Me and We, Public vs. Private

When people ask me "What's happening in your studio?" my first instinct is to tell them what art I'm working on at home, where I have an easel and sewing machine and make things all the time.

It usually takes me a couple of beats before I realize that they are asking what's happening in the Sabot studio. It is strange to me that other people could think of the studio here at school as mine. Is it strange that I don't think of it that way?

Is it because they assume I take ownership over what happens in this classroom? I never do....well, I guess I take responsibility for the materials and the messes, and for asking good questions that make things happen. But the children contribute more than I do here. I definitely don't own any of it.

The same thing happens with this blog. I think of it as documentation from Sabot school. This is the Sabot studio, here. It belongs to the children and the school community, not to me alone.

This blog serves as a stand-in for face to face dialog in a world where people don't have much time. It is a way for me to show some of what's happening at school, because I don't really have anywhere else to show it. 

Blogging is kind of solitary, but it's not meant to be self-aggrandizing. It's more like what people say about how swimming is a sport where you're mostly competing with your own best record, I guess. I'm trying to get better at supporting and showing the children's processes and to figure out what it means to be an Atelierista within the context of Sabot school.

I know there are teachers who are passionate to learn to ask better questions and use documentation more effectively reading right now, so thanks. What's happening in your classroom?


  1. I'm just back from the Lesley Reggio Institute, trying to process all I saw and learned and try to apply some of it at home. And I wanted to say what fun it was to see more about some of the stories I've read here! I'm glad you share what's going on in "your" studio; it's very inspiring.

    We're mashing rain-damp sidewalk chalk with mallets and mortar-and-pestles, mixing them with water, and painting the patio, construction paper, and bare bellies here in our studio.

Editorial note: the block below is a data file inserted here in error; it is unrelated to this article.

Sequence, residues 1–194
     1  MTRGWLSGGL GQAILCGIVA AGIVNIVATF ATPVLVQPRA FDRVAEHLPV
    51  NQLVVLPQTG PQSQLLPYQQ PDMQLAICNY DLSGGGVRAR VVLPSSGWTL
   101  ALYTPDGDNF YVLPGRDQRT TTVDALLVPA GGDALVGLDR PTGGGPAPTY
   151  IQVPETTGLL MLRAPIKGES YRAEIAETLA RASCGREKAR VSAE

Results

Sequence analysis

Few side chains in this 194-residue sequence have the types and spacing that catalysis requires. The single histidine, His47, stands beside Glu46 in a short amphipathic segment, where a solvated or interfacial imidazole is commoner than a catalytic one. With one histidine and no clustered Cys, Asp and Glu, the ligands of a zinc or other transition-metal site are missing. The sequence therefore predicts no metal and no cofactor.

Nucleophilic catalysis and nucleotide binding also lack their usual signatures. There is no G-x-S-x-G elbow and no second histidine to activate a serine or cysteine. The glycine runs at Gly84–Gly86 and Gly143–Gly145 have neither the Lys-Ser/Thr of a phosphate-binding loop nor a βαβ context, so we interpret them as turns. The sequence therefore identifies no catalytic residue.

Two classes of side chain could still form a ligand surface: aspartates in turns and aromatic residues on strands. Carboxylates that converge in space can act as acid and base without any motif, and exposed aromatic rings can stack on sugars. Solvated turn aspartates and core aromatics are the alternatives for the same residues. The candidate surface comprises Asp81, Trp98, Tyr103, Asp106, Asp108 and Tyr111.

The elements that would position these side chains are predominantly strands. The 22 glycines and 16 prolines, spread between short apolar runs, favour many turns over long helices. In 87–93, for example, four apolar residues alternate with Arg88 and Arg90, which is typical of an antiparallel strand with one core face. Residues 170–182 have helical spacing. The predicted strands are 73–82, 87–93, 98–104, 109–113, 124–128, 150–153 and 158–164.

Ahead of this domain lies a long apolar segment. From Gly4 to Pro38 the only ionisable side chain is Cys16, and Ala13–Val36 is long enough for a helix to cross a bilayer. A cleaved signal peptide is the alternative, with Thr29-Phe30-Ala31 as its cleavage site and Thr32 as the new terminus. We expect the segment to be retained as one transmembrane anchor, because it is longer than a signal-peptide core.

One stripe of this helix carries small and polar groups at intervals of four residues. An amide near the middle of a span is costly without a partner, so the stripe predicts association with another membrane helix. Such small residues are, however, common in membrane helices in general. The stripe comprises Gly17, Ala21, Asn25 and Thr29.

2. We are only in our second year here at Rosalie School. I was noticing earlier in the year that the families and the children were using language that suggested that I own the school and the things in it. I also noticed that we were having problems with taking care of our things. We began an intentional effort to increase the feeling of co-ownership for all the people of the school, and I think we have been seeing results in terms of caring for our things. There have been days when the children decide to spontaneously clean things like the patio on the playground or all the dishes in the mud kitchen. We shall have to keep an ear open next year to see if the language has changed.

    With the increasing feeling of co-ownership, the parent-coteachers requested more transparency about the process of writing the diary entries: how the notes and photographs they take become mini stories, traces of the daily life at school. So we are currently engaged in a diary meta-project which is quite exciting for us.

  3. Lise...thanks for your comment and I hope you enjoyed Marty's presentation!
    Emily...thanks so much! Your comment is really helpful. I would love to know more about your project.

  4. Anna: I love the distinction you make between responsibility and ownership. The failure by many people to make that type of distinction is the cause of a great deal of pain and friction in a whole host of settings and relationships we encounter as we grow. As much as I am immensely grateful for your presence as a catalyst in my son's intellectual development, I am equally (if not more so) grateful for the thoughtfulness you show in all of your interactions that I have seen shape his view of what it means to participate in a relationship where you have responsibility to one another without ownership of one another.


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